Army Minister and deathEdit

Promoted to full general in March 1925, Shirakawa subsequently served on the Supreme War Council from 1926 to 1932, and was Army Minister from 1927 to 1929 in the cabinet of Prime Minister Tanaka Giichi.

During his tenure as Army Minister, the Kwangtung Army staged the Huanggutun incident as assassinate Fengtian warlord Zhang Zuolin in June 1928. Prime Minister Tanaka reported to Emperor Hirohito that the incident had been staged by rogue junior officers within the Imperial Japanese Army without orders from Tokyo and demanded that the perpetrators be punished. While Shirakawa's role in the bombing remains uncertain, he refused to punish the perpetrators and instead transferred them to other posts to avoid a court martial.

With tensions in China rapidly ramping up towards open war, with the Shanghai Incident starting in January 1932, Shirakawa was dispatched to China on February 25, 1932, to become commander of the Shanghai Expeditionary Army. He was under direct orders from Emperor Hirohito to bring the situation to a close. Shirakawa issued a cease-fire order on March 3 over the strong objections of his commanders and greatly angering The Imperial Japanese Army General Staff. However, the emperor was pleased, and the League of Nations General Assembly, which was poised to issue a strong condemnation of Japan, remained silent. However, two months later, on April 29, 1932, he was severely injured by a bomb set by Korean independence activist Yoon Bong-gil in Shanghai's Hongkou Park and died of his injuries on May 26.[4]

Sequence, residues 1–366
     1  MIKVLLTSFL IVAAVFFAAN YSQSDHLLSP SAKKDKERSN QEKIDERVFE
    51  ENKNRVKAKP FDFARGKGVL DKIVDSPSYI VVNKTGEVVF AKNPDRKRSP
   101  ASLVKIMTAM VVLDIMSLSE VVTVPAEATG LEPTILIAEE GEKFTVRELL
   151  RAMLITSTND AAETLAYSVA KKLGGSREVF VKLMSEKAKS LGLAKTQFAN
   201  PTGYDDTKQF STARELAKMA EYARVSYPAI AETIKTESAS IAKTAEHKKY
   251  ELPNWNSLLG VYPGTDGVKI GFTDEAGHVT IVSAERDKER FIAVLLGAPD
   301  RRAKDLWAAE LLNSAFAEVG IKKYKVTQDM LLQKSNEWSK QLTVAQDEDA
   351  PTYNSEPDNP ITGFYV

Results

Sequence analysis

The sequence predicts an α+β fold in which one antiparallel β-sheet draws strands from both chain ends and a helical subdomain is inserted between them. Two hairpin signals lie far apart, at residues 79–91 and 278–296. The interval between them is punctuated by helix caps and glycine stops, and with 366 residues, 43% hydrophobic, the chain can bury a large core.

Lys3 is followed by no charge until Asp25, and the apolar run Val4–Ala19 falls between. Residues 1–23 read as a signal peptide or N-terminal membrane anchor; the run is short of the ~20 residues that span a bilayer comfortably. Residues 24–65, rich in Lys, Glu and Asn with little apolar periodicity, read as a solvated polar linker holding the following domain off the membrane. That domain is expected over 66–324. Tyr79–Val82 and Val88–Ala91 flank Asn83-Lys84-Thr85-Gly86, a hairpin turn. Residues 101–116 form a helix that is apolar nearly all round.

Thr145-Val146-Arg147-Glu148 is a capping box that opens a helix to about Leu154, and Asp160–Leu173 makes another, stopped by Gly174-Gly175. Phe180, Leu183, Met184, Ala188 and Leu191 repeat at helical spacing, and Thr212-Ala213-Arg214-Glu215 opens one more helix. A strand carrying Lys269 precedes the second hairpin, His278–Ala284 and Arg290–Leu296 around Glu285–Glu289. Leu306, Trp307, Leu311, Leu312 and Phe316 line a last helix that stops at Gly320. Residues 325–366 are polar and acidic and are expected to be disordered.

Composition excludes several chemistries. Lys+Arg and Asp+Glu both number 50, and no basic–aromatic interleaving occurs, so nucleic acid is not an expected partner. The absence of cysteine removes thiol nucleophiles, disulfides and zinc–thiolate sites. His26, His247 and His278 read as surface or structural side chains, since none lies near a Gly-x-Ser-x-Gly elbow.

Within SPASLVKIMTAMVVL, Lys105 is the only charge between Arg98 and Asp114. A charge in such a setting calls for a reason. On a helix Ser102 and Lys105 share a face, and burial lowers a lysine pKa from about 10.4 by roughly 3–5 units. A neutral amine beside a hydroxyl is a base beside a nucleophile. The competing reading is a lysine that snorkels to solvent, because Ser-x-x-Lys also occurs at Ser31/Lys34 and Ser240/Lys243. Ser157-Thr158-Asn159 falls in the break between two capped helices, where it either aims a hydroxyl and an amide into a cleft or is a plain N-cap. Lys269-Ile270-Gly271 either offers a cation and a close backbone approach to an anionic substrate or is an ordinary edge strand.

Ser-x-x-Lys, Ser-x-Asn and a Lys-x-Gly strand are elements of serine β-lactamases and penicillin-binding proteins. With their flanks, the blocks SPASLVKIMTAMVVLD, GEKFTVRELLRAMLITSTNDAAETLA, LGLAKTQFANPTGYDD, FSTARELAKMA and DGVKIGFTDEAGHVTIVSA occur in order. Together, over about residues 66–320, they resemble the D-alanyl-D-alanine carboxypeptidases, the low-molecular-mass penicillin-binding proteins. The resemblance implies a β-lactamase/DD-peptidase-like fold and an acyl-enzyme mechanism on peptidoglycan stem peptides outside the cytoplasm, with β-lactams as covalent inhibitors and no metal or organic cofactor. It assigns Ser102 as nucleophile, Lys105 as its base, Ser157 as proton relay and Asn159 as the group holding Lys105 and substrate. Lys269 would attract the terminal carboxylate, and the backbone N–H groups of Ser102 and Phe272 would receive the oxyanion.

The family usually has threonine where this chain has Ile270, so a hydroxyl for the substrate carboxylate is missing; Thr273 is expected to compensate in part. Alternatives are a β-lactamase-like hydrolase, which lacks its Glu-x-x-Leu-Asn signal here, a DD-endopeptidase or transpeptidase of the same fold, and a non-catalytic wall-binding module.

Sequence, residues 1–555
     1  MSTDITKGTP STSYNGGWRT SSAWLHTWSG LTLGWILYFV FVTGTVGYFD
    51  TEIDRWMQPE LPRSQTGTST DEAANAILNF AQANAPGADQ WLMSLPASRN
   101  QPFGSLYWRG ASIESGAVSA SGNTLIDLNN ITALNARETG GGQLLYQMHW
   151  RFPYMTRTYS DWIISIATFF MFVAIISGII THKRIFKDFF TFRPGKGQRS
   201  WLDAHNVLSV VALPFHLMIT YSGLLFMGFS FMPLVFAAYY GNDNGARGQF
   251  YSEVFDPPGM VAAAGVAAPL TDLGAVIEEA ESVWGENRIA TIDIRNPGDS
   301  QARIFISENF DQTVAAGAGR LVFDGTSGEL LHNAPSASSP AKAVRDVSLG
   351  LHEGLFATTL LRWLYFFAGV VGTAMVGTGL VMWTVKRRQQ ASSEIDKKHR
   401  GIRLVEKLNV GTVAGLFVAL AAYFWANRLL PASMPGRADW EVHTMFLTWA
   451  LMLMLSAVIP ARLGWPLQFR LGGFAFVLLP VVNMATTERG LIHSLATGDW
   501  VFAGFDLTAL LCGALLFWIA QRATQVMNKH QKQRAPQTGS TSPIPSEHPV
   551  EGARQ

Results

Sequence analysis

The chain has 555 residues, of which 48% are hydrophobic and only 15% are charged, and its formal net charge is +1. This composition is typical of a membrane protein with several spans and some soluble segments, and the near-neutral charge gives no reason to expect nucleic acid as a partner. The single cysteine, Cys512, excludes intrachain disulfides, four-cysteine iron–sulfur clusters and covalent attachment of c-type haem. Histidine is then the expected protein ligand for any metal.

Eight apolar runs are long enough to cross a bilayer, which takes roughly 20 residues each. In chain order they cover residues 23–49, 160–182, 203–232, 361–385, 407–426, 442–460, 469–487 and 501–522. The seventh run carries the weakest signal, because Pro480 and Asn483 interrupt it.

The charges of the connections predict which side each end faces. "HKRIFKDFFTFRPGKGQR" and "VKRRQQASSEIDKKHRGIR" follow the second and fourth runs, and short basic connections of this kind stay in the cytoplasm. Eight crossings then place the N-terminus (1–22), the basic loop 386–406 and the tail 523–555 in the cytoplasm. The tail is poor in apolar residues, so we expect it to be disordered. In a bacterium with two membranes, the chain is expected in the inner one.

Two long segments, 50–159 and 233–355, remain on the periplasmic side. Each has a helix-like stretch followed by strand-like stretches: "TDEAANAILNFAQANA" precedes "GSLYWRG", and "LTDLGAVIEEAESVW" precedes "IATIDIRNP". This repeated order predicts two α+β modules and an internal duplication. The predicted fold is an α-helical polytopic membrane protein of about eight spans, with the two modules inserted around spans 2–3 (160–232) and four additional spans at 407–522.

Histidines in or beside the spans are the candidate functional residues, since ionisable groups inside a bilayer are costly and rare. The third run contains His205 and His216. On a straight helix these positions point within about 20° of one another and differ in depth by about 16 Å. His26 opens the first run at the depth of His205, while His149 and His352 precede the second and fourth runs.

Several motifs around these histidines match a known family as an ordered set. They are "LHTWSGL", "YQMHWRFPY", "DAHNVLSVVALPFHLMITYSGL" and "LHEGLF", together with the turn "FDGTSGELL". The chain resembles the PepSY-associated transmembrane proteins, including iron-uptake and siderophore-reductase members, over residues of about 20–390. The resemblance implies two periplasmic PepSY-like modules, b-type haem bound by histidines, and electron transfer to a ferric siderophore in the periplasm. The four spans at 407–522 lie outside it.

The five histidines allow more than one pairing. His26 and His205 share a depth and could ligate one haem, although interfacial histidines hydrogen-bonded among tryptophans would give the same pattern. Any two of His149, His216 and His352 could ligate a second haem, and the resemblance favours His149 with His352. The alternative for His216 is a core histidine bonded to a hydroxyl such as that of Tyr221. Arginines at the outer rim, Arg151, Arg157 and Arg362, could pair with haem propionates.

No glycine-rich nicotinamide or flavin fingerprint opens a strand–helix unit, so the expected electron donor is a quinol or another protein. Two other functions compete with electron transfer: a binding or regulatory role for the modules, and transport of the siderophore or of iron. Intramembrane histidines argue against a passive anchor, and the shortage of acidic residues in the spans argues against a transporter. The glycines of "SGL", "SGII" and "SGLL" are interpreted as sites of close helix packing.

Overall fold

LegacyEdit

Shirakawa was posthumously awarded with the Grand Cordon of the Order of the Paulownia Flowers, Order of the Golden Kite 2nd Class, and elevated to the rank of danshaku (baron) under the kazoku peerage system.[5] His ashes were divided between graves located in his hometown of Matsuyama and in Tokyo's Aoyama Cemetery.

DecorationsEdit

ReferencesEdit

  • Bix, Herbert P. (2001). Hirohito and the Making of Modern Japan. Harper Perennial. ISBN 0-06-093130-2.
  • Dupuy, Trevor N. (1992). Encyclopedia of Military Biography. I B Tauris & Co Ltd. ISBN 1-85043-569-3.
  • Sims, Richard (2001). Japanese Political History Since the Meiji Renovation 1868–2000. Palgrave Macmillan. ISBN 0-312-23915-7.

External linksEdit

NotesEdit

  1. ^ Kowner, Historical Dictionary of the Russo-Japanese War, p. 107.
  2. ^ Ammenthorp, The Generals of World War II
  3. ^ Wendel, Axis History Factbook
  4. ^ Dupuy, Encyclopedia of Military Biography
  5. ^ 『官報』第1617号「叙任及辞令」1932年5月24日。
  6. ^ 『官報』第5824号「叙任及辞令」1902年12月1日。
  7. ^ 『官報』号外「叙任及辞令」1906年12月11日。
  8. ^ 『官報』号外「叙任及辞令」1906年12月11日。
  9. ^ 『官報』第2246号「叙任及辞令」1920年1月31日。
  10. ^ 『官報』第2612号「叙任及辞令」1921年4月19日。
  11. ^ 『官報』第3347号「授爵・叙任及辞令」1923年10月18日。
  12. ^ 『官報』第1620号「叙任及辞令」1932年5月27日。
Political offices
Preceded by
Kazushige Ugaki
Minister of War
April 1927 – July 1929
Succeeded by
Kazushige Ugaki
Military offices
Preceded by
none
Commander, Shanghai Expeditionary Army
February 1932 – April 1932
Succeeded by
Nobuyoshi Mutō
Preceded by
Shinobu Ono [ja]
Commander, Kwantung Army
October 1923 – July 1926
Succeeded by
Nobuyoshi Mutō